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Report on Piton de la Fournaise (France) — 28 March-3 April 2001

Smithsonian / US Geological Survey Weekly Volcanic Activity Report, 28 March-3 April 2001
Managing Editor: Gari Mayberry

Please cite this report as:

Global Volcanism Program, 2001. Report on Piton de la Fournaise (France). In: Mayberry, G (ed.), Weekly Volcanic Activity Report, 28 March-3 April 2001. Smithsonian Institution and US Geological Survey.

Volcano Profile |  Weekly Report (28 March-3 April 2001)


Piton de la Fournaise

France

21.244°S, 55.708°E; summit elev. 2632 m

All times are local (unless otherwise noted)


The OVPDLF reported that after high seismic activity began at the end of January a final crisis started at Piton de la Fournaise at 1255 on 27 March. At 1320 an eruption began on the ESE flank of the volcano, with five "en-echelon" fissures. The final fissure is located at ~580 m in elevation and 200 m N of Morgabim crater, which was formed during the October 2000 eruption.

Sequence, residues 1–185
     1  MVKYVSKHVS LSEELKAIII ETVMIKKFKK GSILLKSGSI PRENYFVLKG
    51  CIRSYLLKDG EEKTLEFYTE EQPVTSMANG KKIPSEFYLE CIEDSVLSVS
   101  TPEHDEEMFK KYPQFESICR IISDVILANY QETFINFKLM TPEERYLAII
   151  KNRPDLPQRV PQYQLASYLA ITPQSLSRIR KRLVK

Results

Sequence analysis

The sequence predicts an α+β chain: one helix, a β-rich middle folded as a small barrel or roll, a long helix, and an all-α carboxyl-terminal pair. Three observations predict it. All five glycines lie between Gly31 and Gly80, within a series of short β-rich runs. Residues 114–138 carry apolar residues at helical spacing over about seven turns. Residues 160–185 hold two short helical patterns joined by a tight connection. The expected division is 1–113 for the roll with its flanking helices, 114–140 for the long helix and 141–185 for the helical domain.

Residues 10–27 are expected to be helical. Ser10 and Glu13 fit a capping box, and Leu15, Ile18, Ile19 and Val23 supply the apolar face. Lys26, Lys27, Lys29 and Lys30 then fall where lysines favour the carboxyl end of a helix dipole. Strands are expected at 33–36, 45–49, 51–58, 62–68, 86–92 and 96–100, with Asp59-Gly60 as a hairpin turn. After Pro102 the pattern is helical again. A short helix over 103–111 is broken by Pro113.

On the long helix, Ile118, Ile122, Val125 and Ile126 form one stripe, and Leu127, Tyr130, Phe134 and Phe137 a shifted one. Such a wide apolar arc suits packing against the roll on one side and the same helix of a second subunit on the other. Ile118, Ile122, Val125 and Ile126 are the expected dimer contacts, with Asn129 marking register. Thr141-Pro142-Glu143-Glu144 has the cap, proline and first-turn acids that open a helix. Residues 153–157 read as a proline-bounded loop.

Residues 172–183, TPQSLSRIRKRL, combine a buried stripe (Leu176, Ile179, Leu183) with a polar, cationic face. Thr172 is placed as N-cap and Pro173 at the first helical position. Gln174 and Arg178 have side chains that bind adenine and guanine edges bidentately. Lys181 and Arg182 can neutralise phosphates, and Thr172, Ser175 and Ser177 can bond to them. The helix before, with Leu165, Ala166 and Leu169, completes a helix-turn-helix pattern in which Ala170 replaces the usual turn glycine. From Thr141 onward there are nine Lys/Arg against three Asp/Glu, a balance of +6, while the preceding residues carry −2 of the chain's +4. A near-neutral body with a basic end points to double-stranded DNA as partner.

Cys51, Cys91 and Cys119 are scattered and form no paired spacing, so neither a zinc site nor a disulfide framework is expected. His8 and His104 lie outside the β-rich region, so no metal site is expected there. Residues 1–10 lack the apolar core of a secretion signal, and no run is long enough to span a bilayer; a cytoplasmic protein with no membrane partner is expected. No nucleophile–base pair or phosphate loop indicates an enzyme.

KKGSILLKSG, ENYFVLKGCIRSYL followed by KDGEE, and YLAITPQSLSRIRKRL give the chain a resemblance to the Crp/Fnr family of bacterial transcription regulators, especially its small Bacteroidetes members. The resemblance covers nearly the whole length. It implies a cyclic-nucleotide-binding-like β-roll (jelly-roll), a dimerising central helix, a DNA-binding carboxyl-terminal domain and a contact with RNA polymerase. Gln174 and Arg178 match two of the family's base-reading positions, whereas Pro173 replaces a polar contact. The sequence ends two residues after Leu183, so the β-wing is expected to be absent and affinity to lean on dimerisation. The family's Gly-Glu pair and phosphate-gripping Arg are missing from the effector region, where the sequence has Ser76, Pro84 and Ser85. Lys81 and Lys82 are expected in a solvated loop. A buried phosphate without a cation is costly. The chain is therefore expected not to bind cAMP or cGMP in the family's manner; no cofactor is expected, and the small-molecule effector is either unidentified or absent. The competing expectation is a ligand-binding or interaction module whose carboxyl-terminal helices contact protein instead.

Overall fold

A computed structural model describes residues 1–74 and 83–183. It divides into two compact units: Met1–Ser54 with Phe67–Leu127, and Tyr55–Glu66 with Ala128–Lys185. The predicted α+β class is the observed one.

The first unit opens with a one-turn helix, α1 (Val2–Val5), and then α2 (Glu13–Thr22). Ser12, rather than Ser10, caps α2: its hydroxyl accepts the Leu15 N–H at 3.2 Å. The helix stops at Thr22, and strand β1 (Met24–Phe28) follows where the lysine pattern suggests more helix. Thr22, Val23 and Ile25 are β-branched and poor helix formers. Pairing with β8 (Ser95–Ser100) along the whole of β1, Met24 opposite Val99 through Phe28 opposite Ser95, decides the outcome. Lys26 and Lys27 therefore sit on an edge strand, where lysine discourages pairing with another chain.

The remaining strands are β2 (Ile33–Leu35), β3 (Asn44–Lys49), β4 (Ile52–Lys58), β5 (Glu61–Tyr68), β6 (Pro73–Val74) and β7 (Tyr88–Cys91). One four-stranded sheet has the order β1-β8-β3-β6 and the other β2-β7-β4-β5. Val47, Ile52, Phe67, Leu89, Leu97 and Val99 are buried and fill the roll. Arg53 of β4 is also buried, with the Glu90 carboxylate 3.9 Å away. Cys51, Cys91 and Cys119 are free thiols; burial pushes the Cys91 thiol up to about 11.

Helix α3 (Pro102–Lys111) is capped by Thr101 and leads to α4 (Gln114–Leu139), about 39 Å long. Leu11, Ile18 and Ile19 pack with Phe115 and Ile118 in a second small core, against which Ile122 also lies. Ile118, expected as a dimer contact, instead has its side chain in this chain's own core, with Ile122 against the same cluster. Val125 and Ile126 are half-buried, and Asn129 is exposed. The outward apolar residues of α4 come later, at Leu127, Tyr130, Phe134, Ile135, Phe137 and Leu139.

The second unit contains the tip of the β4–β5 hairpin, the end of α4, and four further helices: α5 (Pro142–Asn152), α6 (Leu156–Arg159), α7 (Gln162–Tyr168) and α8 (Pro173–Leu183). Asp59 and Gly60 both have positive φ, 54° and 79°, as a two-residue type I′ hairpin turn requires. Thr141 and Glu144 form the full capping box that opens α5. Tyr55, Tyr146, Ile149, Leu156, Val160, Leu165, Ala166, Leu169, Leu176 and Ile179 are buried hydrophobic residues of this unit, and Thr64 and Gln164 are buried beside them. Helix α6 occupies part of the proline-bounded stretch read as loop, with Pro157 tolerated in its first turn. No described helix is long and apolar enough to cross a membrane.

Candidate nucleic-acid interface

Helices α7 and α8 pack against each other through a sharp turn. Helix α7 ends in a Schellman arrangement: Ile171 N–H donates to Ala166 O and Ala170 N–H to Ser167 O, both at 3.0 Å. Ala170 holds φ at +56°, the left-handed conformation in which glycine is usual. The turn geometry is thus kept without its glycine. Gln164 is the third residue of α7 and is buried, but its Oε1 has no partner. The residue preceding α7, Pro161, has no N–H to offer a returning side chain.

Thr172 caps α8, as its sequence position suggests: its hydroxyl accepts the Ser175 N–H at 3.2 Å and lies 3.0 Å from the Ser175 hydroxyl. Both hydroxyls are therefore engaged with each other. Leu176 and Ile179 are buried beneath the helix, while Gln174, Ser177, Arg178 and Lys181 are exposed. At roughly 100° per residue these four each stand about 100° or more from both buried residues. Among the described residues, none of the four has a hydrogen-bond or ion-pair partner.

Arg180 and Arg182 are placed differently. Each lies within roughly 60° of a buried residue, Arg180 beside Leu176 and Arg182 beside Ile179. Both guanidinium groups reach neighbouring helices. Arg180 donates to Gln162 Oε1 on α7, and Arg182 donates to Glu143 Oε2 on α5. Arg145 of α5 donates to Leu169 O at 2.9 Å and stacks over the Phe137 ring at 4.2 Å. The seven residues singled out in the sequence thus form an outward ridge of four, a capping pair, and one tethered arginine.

Geologic Background. The massive Piton de la Fournaise basaltic shield volcano on the French island of RĂ©union in the western Indian Ocean is one of the world's most active volcanoes. Much of its more than 530,000-year history overlapped with eruptions of the deeply dissected Piton des Neiges shield volcano to the NW. Three calderas formed at about 250,000, 65,000, and less than 5000 years ago by progressive eastward slumping of the volcano. Numerous pyroclastic cones dot the floor of the calderas and their outer flanks. Most historical eruptions have originated from the summit and flanks of Dolomieu, a 400-m-high lava shield that has grown within the youngest caldera, which is 8 km wide and breached to below sea level on the eastern side. More than 150 eruptions, most of which have produced fluid basaltic lava flows, have occurred since the 17th century. Only six eruptions, in 1708, 1774, 1776, 1800, 1977, and 1986, have originated from fissures on the outer flanks of the caldera. The Piton de la Fournaise Volcano Observatory, one of several operated by the Institut de Physique du Globe de Paris, monitors this very active volcano.

Source: Observatoire Volcanologique du Piton de la Fournaise (OVPF)